INJURY ADVICE

Dislocations

A dislocation happens when a force pushes one bone of a joint over the other. A dislocation should be put back in place as soon as possible by a trained professional.

Treating a dislocation
Seek urgent medical help to put the joint back in place.
Do not use ice or heat on the joint until it has been popped back in.
Once the dislocated joint has been popped back in it will usually need to be immobilised for some time with a splint or brace to give the joint capsule, tendons and ligaments time to heal.

Follow RICE (Rest, Ice, Compress, Elevate) to reduce the swelling and pain once the dislocated joint has been put back in place.

Information courtesy of Cole’s therapy & injury clinic

Strains

A muscle strain or ‘pulled’ muscle happens when you tear some of the hundreds of thousands of muscle fibres that make up a muscle. If you’ve only torn a few then you might not feel much pain and perhaps just a bit of localised stiffness. If you do some serious damage then you might notice a gap or indent in the muscle, bruising around or below the pain site, and have trouble using that muscle. A grade 3 muscle strain is Read More…

Sciatica

The diagnosis of ‘sciatica’ means that there is inflammation of the sciatic nerve. The sciatic nerve supplies information about movements to the leg, and sends information about sensations back to the brain. The sciatic nerve is quite large, in fact, it is the largest peripheral nerve in the body.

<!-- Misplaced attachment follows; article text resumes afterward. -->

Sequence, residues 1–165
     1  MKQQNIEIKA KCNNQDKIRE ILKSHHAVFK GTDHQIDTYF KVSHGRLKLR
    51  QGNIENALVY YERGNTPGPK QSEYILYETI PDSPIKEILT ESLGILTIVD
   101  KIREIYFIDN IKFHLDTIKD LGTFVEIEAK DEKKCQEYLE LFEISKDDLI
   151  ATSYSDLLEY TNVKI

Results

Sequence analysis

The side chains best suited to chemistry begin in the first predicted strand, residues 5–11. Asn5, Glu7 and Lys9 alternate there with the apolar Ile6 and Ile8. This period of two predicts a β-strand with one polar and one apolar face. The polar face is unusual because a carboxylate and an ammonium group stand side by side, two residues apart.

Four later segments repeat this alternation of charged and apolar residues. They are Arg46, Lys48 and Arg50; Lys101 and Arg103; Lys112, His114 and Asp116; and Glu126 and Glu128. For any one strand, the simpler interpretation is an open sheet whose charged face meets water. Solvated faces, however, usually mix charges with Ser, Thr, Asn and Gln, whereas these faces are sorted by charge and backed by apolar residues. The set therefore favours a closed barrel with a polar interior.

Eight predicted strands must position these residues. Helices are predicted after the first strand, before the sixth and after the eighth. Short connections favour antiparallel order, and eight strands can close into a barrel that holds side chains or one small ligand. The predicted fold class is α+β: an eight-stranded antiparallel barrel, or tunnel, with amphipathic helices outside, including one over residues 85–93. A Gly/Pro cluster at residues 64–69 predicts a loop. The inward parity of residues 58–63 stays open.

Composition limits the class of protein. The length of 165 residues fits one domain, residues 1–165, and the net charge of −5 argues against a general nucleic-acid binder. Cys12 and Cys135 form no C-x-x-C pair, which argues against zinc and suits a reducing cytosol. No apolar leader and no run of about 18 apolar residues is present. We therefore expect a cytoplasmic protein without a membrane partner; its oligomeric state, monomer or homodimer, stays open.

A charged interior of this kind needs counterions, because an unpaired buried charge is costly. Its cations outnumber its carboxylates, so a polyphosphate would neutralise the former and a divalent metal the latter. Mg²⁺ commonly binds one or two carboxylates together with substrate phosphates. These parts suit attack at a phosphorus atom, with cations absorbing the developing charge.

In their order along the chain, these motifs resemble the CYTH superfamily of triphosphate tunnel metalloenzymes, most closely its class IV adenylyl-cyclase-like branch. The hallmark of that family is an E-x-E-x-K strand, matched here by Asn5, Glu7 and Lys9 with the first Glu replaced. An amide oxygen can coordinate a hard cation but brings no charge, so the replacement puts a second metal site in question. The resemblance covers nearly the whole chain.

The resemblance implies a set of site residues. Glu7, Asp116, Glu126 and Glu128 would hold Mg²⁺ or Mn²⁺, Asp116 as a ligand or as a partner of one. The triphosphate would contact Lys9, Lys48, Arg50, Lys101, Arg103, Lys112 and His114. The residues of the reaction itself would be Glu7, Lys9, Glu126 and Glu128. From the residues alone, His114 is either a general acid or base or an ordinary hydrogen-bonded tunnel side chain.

The sciatic nerve is Read More…

Achilles tendonosis/tendonitus

What is commonly referred to as Achilles Tendonitis in runners, is more properly called Achilles Tendinosis as no inflammation of the tendon is present in this condition. The injury is characterised by heel pain felt behind the ankle which causes limping. After diagnosis, a suitable Read More…

Broken bones

Fractures, or broken bones usually take a minimum of six weeks to heal, and will normally need to be immobilised to ensure they heal properly.

Treating a broken bone

Always seek medical attention if you suspect a broken bone.
Do not apply heat over a suspected broken bone. Don’t apply ice to an open fracture (where the bone has pierced the skin) but get urgent medical attention.

Information courtesdy of Cole’s therapy & injury clinic

Tendonitus

Tendonitis is considered an overuse injury caused by repetitive loading of a tendon exceeding the ability of the tendon to handle the load. Repetitive loading of a tendon can breakdown otherwise normal tissue resulting in pain, swelling, and decreased functional ability of the associated joint.

Common causes of tendonitis include the following: Read More…

Trapped nerve

Sometimes nerves become compressed or irritated by other structures in the body. They become pinched between tight muscles and bones, or irritated by friction with other structures. This can cause pain, numbness, tingling or pins and needles. Read More…

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